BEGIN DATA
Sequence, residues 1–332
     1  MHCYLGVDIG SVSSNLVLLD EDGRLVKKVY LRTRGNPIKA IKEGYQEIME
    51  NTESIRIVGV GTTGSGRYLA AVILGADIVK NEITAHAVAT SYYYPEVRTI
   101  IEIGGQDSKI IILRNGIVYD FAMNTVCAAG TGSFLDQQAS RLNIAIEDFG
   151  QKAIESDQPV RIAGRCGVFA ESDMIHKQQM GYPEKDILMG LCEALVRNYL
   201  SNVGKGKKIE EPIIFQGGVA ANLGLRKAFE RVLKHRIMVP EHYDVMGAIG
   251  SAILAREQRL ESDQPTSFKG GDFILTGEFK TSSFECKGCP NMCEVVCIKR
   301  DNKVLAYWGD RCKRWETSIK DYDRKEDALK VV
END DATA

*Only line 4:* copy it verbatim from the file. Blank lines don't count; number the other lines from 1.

   101  IEIGGQDSKI IILRNGIVYD FAMNTVCAAG TGSFLDQQAS RLNIAIEDFG